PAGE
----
Can positive selection drown out neutral evolution? That’s what John Hawks claims in response to my post on accelerated evolution. Hawks points out that, rather than looking at the neutral fixation rate (which is equal to the mutation rate, u), we should be more interested in the average time to fixation of a neutral mutation (the product of 4 times the effective population size, 4Ne). On the time scale he’s looking at (40,000 years), neutral evolution shouldn’t really matter because Hawks says that the Ne=100,000, which makes 4Ne>40,000.
Therefore, the majority of new mutations that arose in the past 40,000 years and have fixed (or nearly fixed) in a population should be either beneficial or linked to beneficial mutations. This allows for neutral evolution, however it’s nearly all driven by hitchhiking upon the back of adaptive evolution. But this hypothesis hinges on the assumption that Ne>10,000; this is brought up at Popgen Ramblings in another post critical of the Hawks et al. paper. There’s an important distinction between Ne (the effective population size) and the census population size. Ne is a parameter within population genetics theory that allows us to treat a population as ideal, but it is greatly influenced by the historical demography of a population (especially drastic decreases in population size). So much so that’s it’s not practical to estimate Ne from current population sizes or archaeological data — Ne can only be estimated from population genetic data. The post at Popgen ramblings is skeptical of Hawks et al’s estimate of Ne.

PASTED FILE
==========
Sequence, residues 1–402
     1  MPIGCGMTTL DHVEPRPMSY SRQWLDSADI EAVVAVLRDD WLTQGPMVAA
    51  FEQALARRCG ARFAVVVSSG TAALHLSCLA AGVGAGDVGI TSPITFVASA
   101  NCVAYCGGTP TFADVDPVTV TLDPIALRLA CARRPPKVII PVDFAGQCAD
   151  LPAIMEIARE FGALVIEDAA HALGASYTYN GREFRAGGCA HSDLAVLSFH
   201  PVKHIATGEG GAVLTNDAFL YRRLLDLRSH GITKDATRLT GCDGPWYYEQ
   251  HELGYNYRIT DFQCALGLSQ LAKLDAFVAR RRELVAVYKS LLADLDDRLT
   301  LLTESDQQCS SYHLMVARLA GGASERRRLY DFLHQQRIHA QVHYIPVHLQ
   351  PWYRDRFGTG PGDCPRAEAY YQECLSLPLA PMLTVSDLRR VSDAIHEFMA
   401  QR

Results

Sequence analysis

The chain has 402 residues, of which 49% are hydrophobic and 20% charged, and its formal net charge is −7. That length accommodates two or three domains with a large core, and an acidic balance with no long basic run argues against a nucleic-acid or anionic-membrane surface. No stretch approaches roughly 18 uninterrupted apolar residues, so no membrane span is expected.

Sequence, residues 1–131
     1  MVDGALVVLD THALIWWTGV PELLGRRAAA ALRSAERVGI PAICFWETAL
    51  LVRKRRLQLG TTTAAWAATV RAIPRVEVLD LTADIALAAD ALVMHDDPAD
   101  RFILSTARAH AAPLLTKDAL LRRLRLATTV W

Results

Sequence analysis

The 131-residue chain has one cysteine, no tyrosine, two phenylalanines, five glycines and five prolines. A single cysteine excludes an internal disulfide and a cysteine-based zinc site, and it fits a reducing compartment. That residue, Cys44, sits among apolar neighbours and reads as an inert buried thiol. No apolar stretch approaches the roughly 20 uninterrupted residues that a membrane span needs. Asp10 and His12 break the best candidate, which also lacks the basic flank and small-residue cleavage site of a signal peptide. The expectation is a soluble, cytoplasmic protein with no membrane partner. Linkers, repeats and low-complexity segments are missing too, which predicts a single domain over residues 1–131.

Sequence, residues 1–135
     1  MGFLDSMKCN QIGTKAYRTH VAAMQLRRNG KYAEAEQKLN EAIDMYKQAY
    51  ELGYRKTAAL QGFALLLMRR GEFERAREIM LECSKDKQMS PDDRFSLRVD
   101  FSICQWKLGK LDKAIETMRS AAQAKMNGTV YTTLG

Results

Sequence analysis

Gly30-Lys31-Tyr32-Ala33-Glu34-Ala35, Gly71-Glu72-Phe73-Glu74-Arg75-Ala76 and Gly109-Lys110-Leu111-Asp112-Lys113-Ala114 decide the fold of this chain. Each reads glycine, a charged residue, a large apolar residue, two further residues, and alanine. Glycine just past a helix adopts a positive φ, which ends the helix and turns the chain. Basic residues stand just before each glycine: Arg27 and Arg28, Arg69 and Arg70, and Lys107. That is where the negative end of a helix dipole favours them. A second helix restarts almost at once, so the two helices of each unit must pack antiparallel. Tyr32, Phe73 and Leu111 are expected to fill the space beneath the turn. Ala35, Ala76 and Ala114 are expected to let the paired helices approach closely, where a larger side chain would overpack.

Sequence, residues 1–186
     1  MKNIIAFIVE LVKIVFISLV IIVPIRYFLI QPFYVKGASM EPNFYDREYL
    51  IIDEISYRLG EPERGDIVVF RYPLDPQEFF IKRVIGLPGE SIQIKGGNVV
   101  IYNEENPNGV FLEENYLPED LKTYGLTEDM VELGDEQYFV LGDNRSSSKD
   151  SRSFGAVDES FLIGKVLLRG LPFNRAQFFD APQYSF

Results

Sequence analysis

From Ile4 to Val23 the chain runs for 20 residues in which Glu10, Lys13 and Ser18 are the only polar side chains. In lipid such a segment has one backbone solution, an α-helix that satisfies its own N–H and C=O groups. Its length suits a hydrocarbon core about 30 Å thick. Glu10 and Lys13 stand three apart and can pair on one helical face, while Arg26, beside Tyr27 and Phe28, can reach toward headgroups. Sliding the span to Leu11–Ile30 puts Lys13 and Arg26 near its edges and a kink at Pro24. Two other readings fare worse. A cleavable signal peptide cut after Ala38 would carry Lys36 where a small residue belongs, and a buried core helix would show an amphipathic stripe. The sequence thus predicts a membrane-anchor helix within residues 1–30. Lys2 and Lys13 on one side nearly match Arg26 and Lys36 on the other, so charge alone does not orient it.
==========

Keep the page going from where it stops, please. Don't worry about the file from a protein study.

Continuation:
Finally, Hawks paints me as an anti-adaptationist in the tradition of Stephen Jay Gould. This is reminiscent of Larry Moran’s bit where he claims to be a pluralist in the midst of the stark-raving-mad adaptationists. Only the roles are reversed. This time I’m the damn dirty neutralist, whereas I was previously labeled as the gullible adaptationist. I’m having a hard time keeping track of which team I’m on. Maybe that makes me the true pluralist.